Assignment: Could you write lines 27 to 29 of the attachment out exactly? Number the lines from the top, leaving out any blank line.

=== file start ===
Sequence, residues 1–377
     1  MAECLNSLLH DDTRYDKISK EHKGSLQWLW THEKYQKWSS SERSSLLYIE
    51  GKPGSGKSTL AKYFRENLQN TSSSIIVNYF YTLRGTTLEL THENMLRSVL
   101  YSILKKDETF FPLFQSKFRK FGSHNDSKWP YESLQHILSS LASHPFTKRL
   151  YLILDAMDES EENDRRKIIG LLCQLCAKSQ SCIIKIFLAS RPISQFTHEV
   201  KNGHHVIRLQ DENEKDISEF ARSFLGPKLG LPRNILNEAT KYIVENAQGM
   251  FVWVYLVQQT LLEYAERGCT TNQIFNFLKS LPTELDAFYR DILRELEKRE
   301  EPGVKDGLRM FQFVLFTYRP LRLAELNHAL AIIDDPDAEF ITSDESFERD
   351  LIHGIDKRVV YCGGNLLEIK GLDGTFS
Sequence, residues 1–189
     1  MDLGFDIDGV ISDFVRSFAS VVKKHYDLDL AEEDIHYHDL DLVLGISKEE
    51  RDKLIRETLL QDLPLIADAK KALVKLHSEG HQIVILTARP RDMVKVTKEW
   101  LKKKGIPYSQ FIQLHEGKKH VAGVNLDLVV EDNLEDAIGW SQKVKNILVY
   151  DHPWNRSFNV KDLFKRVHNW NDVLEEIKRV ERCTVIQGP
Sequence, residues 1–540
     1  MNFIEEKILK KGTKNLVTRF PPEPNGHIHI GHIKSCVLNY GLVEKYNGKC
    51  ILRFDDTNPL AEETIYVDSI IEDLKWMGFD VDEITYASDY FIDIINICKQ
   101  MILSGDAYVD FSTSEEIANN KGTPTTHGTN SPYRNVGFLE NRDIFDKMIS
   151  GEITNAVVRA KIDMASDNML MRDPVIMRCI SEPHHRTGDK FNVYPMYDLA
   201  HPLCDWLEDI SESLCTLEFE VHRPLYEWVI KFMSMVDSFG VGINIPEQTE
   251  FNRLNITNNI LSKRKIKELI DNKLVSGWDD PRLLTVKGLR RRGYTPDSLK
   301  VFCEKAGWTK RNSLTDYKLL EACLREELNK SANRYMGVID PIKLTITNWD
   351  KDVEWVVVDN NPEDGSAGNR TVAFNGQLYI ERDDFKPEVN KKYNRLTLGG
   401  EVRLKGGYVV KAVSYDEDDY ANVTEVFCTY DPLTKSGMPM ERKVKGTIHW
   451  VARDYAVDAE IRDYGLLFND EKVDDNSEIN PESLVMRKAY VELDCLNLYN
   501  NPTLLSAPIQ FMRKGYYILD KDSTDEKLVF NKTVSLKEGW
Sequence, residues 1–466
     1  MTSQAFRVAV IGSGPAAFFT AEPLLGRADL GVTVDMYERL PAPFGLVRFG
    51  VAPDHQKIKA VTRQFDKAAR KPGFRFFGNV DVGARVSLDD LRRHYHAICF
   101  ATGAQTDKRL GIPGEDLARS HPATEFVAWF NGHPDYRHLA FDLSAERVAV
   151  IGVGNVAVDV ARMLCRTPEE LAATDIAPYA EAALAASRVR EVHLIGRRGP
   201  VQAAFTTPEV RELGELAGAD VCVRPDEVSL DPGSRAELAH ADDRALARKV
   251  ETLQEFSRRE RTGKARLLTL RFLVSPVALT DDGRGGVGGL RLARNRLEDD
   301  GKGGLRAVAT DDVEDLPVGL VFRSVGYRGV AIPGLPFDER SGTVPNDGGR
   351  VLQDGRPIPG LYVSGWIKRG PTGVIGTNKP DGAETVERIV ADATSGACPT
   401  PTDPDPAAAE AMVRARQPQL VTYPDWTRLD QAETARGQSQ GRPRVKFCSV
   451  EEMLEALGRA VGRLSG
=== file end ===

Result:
Sequence, residues 1–466
     1  MTSQAFRVAV IGSGPAAFFT AEPLLGRADL GVTVDMYERL PAPFGLVRFG
    51  VAPDHQKIKA VTRQFDKAAR KPGFRFFGNV DVGARVSLDD LRRHYHAICF